Banking Interpretations

NYSBL 103(1) and 103(4) and GRBB Part 84

May 27, 2005

Your letter of December 15, 2004 addressed to Sara Kelsey, Deputy Superintendent & Counsel, has been forwarded to me for a response. I apologize for the delay in responding. You are General Counsel for [redacted] a New York State chartered bank, and you have questions regarding the lending limits set forth in Section 103 of the Banking Law.

According to your letter, your client often makes a loan secured by a real estate mortgage on vacant land that the borrower plans to subdivide and to construct the improvements required for such subdivision. The loan is divided into a loan to finance the borrower's purchase of the land (the acquisition loan) and a loan to finance the construction of the improvements (the building loan). Also, there is often a third loan to finance the construction of a model home. Your client is usually also called upon to issue a letter of credit on behalf of the borrower to the local municipality to ensure completion of the improvements to the subdivision that have been required by the municipality.

You explained that it is necessary for your client to divide up the loans in this manner in order to comply with Section 2 of the New York Lien Law. That Section restricts the use of building loan advances for the purpose of improvements or costs of improvements. As a result your client ends up with a loan secured by a first, second and sometimes third mortgage all to the same borrower on the same property, as well as with a letter of credit on behalf of the same borrower.

You state that it is your understanding that under Section 103, your client can make an unlimited number of loans secured by first mortgages, each of which can be in the amount of your client's maximum lending limit, but that all other loans must be aggregated together, and as aggregated, such other loans cannot exceed 15% of your client's capital stock, surplus fund and undivided profits.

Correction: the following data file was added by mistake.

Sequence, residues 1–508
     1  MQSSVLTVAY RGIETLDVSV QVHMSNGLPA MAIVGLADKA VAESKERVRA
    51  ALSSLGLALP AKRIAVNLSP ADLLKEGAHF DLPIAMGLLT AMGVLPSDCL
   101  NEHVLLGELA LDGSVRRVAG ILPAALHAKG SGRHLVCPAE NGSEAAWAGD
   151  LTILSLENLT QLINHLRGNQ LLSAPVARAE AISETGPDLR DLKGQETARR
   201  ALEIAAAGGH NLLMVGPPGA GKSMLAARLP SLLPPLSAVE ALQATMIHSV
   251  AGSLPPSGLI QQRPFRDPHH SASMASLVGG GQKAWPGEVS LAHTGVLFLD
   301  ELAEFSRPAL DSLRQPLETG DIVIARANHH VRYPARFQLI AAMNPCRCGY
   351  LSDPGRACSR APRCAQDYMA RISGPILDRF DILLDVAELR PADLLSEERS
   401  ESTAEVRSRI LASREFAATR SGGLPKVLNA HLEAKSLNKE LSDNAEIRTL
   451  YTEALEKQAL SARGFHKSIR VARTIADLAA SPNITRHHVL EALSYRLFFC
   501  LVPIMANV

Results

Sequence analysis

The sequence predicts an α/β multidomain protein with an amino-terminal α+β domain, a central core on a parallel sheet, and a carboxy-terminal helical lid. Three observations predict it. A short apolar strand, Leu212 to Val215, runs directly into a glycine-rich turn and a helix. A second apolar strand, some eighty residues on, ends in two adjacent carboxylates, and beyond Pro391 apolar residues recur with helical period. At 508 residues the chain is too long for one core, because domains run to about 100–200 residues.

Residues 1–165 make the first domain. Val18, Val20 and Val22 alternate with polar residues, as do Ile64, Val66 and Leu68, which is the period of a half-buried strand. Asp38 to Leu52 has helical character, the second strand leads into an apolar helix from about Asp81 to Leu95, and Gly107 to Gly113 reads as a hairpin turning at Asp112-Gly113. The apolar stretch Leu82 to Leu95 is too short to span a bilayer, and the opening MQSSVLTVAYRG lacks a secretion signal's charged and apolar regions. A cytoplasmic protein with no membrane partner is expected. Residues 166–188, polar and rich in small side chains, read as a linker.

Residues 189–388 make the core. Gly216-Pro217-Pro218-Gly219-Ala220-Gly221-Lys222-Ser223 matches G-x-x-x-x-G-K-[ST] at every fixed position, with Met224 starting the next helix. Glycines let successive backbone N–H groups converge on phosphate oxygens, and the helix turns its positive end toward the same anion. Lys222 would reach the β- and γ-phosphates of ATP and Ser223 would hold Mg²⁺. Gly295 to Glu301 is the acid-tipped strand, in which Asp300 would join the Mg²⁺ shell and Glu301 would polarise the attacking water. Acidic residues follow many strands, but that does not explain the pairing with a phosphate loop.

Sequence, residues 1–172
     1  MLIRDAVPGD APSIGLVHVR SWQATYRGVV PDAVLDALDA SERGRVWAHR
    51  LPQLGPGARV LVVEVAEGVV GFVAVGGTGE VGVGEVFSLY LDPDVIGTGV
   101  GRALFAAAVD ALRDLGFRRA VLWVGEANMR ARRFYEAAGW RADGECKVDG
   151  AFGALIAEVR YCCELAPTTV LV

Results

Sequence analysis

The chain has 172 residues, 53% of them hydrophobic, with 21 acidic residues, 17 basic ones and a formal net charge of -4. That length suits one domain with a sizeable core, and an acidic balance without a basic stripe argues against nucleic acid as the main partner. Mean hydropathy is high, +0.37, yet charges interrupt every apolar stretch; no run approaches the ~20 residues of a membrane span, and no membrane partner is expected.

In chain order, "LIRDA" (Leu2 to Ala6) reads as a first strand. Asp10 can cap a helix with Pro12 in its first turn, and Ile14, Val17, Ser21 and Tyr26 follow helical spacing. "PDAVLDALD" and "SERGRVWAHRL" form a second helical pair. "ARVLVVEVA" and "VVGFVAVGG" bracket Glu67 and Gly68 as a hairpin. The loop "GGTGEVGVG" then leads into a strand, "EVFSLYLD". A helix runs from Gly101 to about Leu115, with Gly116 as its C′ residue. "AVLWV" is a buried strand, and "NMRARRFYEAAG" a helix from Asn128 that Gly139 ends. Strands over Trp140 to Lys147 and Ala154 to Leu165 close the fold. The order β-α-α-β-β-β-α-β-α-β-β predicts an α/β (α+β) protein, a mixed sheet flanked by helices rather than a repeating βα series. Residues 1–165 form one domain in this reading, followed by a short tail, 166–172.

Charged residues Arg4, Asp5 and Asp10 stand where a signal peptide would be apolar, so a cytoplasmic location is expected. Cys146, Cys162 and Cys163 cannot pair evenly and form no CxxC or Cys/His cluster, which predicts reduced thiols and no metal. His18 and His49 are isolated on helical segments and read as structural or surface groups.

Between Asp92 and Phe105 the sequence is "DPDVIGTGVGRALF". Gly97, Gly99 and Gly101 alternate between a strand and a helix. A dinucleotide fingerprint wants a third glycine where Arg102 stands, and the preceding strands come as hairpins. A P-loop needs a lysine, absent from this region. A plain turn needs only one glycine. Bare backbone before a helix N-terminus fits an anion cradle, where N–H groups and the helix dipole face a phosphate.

I note that you have not indicated under which subsection of Section 103 the loans are being made. Pursuant to Banking Law Section 103(1), a bank may lend up to 15% of its capital stock, surplus fund, and undivided profits to one borrower, with an additional 10 % permitted for certain secured loans. Separate and apart from the restrictions of Section 103(1), Section 84.4 of Part 84 of the General Regulations of the Banking Board (the "Regulations"), which implements Section 103(4) of the Banking Law, provides that, "No bank or trust company shall make a mortgage loan in an amount in excess of 15 per centum of the capital stock, surplus fund and undivided profits of such bank or trust company." Contrary to your understanding, as stated in your letter, this limitation applies not just to loans secured by first mortgages, but to any loan where the lender relies upon real estate as the security for the loan, including loans secured by second or third mortgages.

The wording of section 84.4 of the Regulations leads to the conclusion that the 15% limit is per loan, not per aggregate total of loans to one borrower. However, in the case you described, the three loans are first, second and third mortgages on the same property and to the same borrower. Since the same property is being encumbered, the loans should be treated as a single mortgage loan subject to the 15% limit in section 84.4. Therefore, the loans when aggregated would have to be within the bank's 15% limit. (Please note that it is not completely clear from your letter as to the security for the third loan. If the collateral consists partly of real estate security and partly of other security, then you must comply with the requirements of 103(4) with regard to the amount that shall be considered a loan upon the security of real estate.)

With regard to the letter of credit on behalf of the borrower, it constitutes a loan for purposes of Banking Law Section 103. If it is unsecured then it would be governed by the Section 103(1) limitations. On the other hand, if the letter of credit is also secured by the same property, Section 103(4) would apply and the letter of credit would be aggregated with the other loans and the total amount would be subject to the 15% limit in section 84.4.

You also asked whether your client can reduce its calculation of loans outstanding to the borrower as the borrower completes improvements, thereby reducing your client's liability on the letter of credit to the municipality. While we cannot offer any specific guidance as to what documentation would substantiate such a reduction of legal commitment, if your client's legal commitment under the letter of credit is in fact reduced, as a matter of contract law, as the borrower completes improvements to the satisfaction of the municipality, then there is no reason under the Banking Law why your client's calculations of total extensions of credit to the borrower for purposes of Banking Law 103 also may not be reduced accordingly.


Sharon Cherry
Associate Attorney